A leading figure of the British Arts and Crafts movement, William Morris (1834-1896) produced more than 50 wallpaper patterns. While the designs have never gone out of production, they are enjoying a resurgence in popularity. It’s not surprising, given our current proclivity for more-is-more maximalism, cottagecore, and maker-made items. (Morris denounced industrialism’s role in suppressing craft.) Plus, his stylized designs are rooted in nature. (He was a conservationist, too.)
“As an architect, William Morris focused on bringing nature into interiors,” says Oren Sherman, a designer at Elkus Manfredi Architects, “so conceptually his designs are right on trend and feeling fresh again.”
What Makes Morris Wallpaper Work?
“His designs have a kaleidoscopic effect — like a large-scale mosaic from afar, but the intricacies of the designs draw you in for closer examination,” Jen Dulac says.
“Once I tell a client that these patterns and colorways were produced in the same era as their house was built, they seem to find a sense of freedom, no longer restrained by the boring preconception that old homes call for neutral palettes,” Mattye Dewhirst says.
“The patterns are easy to understand because they’re both architectural and organic; they follow a grid and they flow,” says Oren Sherman. “They are repeat patterns, but so beautifully engineered it’s hard to spot. That’s the artistry.”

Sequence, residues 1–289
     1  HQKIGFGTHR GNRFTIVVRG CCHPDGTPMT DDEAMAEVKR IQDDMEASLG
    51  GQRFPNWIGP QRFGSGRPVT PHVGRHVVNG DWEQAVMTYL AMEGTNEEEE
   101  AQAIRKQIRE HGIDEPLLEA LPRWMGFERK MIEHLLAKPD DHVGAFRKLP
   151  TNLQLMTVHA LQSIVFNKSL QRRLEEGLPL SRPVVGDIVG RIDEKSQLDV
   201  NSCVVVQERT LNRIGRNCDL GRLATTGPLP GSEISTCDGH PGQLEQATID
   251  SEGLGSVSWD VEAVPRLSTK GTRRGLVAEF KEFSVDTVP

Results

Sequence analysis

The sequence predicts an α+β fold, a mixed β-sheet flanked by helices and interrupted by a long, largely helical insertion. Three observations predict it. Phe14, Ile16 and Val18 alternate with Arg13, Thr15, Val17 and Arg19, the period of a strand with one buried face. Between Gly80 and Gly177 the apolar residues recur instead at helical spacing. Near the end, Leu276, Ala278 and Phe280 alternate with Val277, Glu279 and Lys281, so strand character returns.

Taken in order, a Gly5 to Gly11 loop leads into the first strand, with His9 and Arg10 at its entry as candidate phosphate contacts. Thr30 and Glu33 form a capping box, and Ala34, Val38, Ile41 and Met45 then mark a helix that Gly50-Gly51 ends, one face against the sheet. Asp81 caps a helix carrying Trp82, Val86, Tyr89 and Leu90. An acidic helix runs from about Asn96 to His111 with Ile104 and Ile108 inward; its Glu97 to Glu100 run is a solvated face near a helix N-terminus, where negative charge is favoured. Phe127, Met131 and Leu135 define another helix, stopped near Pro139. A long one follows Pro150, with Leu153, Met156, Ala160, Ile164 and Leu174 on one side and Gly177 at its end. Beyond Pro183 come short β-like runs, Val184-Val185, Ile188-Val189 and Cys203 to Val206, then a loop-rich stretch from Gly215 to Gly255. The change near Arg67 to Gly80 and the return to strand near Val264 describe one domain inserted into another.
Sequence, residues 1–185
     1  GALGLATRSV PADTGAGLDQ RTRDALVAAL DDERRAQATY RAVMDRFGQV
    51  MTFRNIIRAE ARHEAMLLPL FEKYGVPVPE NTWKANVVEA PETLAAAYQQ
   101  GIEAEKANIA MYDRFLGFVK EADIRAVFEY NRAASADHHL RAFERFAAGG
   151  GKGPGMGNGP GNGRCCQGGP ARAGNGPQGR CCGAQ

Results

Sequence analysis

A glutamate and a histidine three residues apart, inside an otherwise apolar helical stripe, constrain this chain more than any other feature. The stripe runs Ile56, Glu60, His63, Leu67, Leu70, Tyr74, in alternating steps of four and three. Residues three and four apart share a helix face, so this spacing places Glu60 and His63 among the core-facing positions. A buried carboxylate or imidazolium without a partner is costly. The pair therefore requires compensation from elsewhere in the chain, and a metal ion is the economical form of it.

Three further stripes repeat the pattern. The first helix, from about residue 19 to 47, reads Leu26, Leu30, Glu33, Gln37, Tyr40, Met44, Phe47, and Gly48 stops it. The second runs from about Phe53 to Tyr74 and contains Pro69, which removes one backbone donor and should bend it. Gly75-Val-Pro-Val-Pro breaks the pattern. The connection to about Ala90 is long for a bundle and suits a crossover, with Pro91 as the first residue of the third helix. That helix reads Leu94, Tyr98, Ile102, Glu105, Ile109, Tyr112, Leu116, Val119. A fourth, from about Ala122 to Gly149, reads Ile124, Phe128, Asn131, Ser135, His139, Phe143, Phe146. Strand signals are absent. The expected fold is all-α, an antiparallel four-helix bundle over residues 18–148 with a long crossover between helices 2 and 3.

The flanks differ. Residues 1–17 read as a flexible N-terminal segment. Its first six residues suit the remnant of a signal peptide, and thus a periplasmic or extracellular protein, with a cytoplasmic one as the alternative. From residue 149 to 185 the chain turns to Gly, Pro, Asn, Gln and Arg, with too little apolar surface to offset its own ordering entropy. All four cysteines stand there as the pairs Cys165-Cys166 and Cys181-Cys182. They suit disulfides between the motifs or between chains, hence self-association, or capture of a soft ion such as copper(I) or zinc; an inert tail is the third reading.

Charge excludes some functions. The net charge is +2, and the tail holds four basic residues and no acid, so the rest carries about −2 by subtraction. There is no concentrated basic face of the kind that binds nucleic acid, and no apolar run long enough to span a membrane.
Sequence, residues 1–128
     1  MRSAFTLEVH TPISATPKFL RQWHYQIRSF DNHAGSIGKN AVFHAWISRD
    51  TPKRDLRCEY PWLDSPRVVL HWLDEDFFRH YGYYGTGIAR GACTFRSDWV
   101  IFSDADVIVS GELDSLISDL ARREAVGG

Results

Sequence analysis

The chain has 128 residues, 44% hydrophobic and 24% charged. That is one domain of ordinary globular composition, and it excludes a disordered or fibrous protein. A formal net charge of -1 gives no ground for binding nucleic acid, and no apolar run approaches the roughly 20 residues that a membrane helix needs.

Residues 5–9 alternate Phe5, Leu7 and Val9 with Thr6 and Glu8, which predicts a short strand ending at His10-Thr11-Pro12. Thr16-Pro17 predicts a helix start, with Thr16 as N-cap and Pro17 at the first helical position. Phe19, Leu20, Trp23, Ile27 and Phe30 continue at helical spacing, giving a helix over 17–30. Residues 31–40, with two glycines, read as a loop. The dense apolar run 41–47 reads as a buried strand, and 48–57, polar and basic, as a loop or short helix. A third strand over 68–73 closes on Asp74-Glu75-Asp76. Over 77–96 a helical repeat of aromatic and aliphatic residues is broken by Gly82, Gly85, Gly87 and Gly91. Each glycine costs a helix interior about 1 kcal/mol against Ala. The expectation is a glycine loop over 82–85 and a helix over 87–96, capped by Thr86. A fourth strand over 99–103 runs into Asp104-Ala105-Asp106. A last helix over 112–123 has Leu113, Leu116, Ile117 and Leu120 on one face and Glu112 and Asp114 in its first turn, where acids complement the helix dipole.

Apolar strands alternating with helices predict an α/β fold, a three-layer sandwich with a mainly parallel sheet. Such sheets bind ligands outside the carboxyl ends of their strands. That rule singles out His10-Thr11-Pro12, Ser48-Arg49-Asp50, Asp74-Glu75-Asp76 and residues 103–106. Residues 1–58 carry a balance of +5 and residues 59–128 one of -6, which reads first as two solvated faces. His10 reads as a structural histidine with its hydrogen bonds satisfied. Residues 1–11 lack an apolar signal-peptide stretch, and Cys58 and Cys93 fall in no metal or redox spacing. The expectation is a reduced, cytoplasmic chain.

“The historical background associated with William Morris designs leaves people feeling comfortable that they have staying power without having to sacrifice a bit of whimsy,” says designer Sara Deane, who used Bellflowers in her dining room.
In this Arts and Crafts period Dorchester home, designer Dane Austin used the Honeysuckle & Tulip design. “The importance of preservation and a longing for a greater connection to nature is at the forefront of our collective minds,” Austin says about renewed interest in the brand.
Becky Carbone mixed airy prints with the Strawberry Thief wallpaper. The pattern, originally designed as a fabric, was inspired by the birds in Morris’s kitchen garden in Oxfordshire.
Kristine Paige of Jackson Paige Interiors used the Arbutus design at Stonover Farm inn, which is in a 130-year-old building in Lenox.
“I feel like I’m in a garden, even in the dead of winter,” says Monica Rogan, owner of Goodnow Farms Chocolate, about her Sudbury home office designed by Linda Weisberg. The wallpaper is Blackthorn, designed in 1892.